18. I never came out publically as a 90%-er. I have always estimated 50-60% when asked to vote in polls. However before the crash started I did privately daydream about buying a house at 10% of peak price. I didn't think it was likely but I thought it possible. I don't have such daydreams any more. Not because I now think it impossible - I still think it is possible. But I realise after 2.5 years of renting that I will probably not have the patience to keep waiting until that day. I'm getting bored.
  19. I wasn't impressed by the article. The author did not suggest any fundamental reform to our monetary system, or analyse the logic of a world where more money is owed to banks than the sum of positive credit balances in existence. Instead he thinks that some undefined "morality" is the lacking ingredient to resolve the problems we face. But how can "morality" change the fact that our monetary system is a ponzi scheme relying on loans being taken out to pay the interest on past loans? The problem is mathematical and logical, not moral. So must the solution be.
  20. Absolutely. In a complex society like ours, a huge number of jobs are "key" in that crisis would soon ensue if the workers suddenly disappeared. The government list is strangely arbitrary and seems entirely political. I'll see your binmen and raise you lorry drivers and dock workers.
  21. Thank you all for the insights. One thing is clear reading the replies: It doesn't follow from the statement "Oldham has a council house waiting list of 12,000" that Oldham requires 12,000 extra council houses.
  22. I thought that was such an interesting question that it deserves a thread of its own - so I made one.
  23. This was a question posed by Sadman in the middle of another thread, but I think it's interesting enough to start a thread. We often hear about "Council Housing Waiting Lists" being too high, but - like Sadman - I never stopped to think about what this means. I know that in my job as a GP I fairly often get asked to sign a form in support of someone moving to different council accomodation from that which they already live in. Where are the people on these lists living? Some options: On the street? In hostels? In b&Bs? On friends' sofas? With mum and dad? In private sector accomodation but hoping to move to council housing? In council housing already but dissatisfied with it and would like to be in different council housing? I suspect the list comprises all these groups. And without knowing what the proportions are, it's hard to know what to make of the list size. If, for instance, in Oldham, there is a list of 10,000 people, that could mean 10,000 people living on the streets need accomodation - clearly something must be done Or it could mean 10,000 council tenants are dissatisfied with their property - far from clear that something must be done. Does anyone actually know how these lists are populated?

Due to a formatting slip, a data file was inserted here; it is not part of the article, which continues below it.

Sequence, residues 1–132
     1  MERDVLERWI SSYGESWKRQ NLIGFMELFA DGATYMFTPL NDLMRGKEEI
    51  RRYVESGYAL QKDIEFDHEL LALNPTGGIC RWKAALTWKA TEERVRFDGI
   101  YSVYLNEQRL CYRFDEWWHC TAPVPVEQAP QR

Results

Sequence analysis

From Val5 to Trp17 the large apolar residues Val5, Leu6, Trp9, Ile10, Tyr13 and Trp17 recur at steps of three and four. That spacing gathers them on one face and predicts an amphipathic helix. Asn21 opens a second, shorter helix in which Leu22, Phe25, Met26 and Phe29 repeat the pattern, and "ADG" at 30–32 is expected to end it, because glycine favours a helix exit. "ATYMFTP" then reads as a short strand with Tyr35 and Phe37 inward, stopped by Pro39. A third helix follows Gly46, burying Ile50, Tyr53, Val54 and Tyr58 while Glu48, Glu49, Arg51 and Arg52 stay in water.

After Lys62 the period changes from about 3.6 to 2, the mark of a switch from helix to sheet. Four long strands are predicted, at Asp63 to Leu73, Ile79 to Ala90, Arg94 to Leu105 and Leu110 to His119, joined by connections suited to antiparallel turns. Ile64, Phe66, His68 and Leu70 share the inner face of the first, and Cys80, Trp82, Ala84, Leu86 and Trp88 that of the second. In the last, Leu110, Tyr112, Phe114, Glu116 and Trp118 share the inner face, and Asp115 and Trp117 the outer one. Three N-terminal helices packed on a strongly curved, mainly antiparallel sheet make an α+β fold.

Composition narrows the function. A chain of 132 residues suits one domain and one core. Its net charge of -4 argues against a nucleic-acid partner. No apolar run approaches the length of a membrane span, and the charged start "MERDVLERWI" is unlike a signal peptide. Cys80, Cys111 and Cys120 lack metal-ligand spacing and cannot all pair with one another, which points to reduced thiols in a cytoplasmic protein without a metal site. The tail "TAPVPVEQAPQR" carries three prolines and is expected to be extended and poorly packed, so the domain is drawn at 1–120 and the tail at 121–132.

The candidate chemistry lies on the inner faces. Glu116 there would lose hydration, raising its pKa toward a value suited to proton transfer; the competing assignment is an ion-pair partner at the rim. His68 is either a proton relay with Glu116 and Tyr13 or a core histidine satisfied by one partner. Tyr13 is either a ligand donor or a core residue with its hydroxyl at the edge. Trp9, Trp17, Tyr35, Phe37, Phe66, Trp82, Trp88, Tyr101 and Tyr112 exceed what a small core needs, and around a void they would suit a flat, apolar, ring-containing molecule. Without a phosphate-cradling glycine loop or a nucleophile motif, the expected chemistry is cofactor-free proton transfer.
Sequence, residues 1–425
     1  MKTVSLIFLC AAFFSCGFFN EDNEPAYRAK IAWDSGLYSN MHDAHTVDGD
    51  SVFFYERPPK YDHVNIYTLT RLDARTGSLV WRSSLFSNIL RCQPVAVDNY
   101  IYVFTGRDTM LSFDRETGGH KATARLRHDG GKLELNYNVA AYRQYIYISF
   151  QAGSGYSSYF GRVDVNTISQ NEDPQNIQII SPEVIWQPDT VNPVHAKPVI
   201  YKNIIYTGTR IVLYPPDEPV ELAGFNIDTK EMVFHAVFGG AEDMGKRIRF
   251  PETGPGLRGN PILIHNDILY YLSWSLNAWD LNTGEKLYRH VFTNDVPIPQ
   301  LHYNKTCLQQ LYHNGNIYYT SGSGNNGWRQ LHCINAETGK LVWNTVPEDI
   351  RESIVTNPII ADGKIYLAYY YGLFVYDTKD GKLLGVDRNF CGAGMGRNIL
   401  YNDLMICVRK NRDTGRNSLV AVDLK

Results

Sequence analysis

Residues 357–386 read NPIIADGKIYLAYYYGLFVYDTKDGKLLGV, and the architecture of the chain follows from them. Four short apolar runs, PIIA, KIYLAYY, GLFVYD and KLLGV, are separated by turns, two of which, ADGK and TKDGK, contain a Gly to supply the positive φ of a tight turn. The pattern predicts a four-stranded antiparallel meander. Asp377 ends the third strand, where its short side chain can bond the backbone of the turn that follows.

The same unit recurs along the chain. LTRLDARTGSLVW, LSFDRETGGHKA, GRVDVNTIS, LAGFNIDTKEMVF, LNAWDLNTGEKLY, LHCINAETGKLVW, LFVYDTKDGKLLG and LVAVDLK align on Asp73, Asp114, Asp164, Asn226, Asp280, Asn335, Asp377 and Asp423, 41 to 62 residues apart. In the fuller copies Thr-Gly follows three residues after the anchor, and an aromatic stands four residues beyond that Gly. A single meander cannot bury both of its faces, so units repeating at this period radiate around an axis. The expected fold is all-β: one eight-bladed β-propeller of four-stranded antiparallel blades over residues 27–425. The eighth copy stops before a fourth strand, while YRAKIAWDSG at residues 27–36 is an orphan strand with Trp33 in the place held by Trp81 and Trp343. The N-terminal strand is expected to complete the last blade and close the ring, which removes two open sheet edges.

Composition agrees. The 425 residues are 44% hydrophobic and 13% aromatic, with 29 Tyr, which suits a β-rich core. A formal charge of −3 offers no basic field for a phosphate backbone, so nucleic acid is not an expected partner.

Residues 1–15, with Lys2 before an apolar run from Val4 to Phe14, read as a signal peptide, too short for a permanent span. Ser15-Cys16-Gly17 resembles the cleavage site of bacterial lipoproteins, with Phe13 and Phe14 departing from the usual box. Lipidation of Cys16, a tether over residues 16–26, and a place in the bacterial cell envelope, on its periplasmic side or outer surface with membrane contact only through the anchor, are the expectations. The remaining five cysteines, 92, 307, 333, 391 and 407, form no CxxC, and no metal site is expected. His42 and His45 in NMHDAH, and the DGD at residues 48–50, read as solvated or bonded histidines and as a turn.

24. There's a link to the ONS higher in this thread claiming to show that 20% of earners earn 36k or more. I haven't checked out the data myself but I have no reason to doubt it.
  • Create New...

Important Information

We have placed cookies on your device to help make this website better. You can adjust your cookie settings, otherwise we'll assume you're okay to continue.